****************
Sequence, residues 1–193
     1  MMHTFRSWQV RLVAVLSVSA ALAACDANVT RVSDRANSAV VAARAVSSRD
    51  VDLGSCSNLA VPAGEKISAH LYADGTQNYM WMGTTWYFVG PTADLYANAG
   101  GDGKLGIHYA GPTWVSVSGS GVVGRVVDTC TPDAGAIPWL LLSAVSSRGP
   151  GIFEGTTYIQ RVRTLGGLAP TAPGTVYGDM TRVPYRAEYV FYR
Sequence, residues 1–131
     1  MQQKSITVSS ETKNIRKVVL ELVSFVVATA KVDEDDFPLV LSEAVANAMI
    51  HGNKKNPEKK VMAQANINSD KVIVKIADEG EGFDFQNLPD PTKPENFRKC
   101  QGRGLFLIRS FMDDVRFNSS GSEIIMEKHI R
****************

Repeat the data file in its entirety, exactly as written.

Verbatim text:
Sequence, residues 1–193
     1  MMHTFRSWQV RLVAVLSVSA ALAACDANVT RVSDRANSAV VAARAVSSRD
    51  VDLGSCSNLA VPAGEKISAH LYADGTQNYM WMGTTWYFVG PTADLYANAG
   101  GDGKLGIHYA GPTWVSVSGS GVVGRVVDTC TPDAGAIPWL LLSAVSSRGP
   151  GIFEGTTYIQ RVRTLGGLAP TAPGTVYGDM TRVPYRAEYV FYR
Sequence, residues 1–131
     1  MQQKSITVSS ETKNIRKVVL ELVSFVVATA KVDEDDFPLV LSEAVANAMI
    51  HGNKKNPEKK VMAQANINSD KVIVKIADEG EGFDFQNLPD PTKPENFRKC
   101  QGRGLFLIRS FMDDVRFNSS GSEIIMEKHI R